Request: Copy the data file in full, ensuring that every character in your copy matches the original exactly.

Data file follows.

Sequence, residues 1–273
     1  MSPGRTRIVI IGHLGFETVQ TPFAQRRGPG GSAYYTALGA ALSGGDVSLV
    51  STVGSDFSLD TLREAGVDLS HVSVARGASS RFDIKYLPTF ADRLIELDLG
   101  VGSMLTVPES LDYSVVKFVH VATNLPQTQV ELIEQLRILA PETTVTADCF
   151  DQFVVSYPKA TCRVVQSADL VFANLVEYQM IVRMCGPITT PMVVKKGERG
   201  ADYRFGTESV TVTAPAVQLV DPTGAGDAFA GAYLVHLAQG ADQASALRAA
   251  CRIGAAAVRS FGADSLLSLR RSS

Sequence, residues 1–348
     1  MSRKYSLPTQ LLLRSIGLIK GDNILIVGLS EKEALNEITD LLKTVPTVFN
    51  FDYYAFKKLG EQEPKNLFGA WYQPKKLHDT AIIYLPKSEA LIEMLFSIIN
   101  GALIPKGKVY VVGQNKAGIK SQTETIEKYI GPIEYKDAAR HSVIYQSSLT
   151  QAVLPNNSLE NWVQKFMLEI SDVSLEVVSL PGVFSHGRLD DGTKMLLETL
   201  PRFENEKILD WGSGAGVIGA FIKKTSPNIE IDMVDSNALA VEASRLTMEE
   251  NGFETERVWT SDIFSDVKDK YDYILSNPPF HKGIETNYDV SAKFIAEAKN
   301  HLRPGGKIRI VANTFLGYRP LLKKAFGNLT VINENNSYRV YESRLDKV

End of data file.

Sequence, residues 1–273
     1  MSPGRTRIVI IGHLGFETVQ TPFAQRRGPG GSAYYTALGA ALSGGDVSLV
    51  STVGSDFSLD TLREAGVDLS HVSVARGASS RFDIKYLPTF ADRLIELDLG
   101  VGSMLTVPES LDYSVVKFVH VATNLPQTQV ELIEQLRILA PETTVTADCF
   151  DQFVVSYPKA TCRVVQSADL VFANLVEYQM IVRMCGPITT PMVVKKGERG
   201  ADYRFGTESV TVTAPAVQLV DPTGAGDAFA GAYLVHLAQG ADQASALRAA
   251  CRIGAAAVRS FGADSLLSLR RSS

Sequence, residues 1–348
     1  MSRKYSLPTQ LLLRSIGLIK GDNILIVGLS EKEALNEITD LLKTVPTVFN
    51  FDYYAFKKLG EQEPKNLFGA WYQPKKLHDT AIIYLPKSEA LIEMLFSIIN
   101  GALIPKGKVY VVGQNKAGIK SQTETIEKYI GPIEYKDAAR HSVIYQSSLT
   151  QAVLPNNSLE NWVQKFMLEI SDVSLEVVSL PGVFSHGRLD DGTKMLLETL
   201  PRFENEKILD WGSGAGVIGA FIKKTSPNIE IDMVDSNALA VEASRLTMEE
   251  NGFETERVWT SDIFSDVKDK YDYILSNPPF HKGIETNYDV SAKFIAEAKN
   301  HLRPGGKIRI VANTFLGYRP LLKKAFGNLT VINENNSYRV YESRLDKV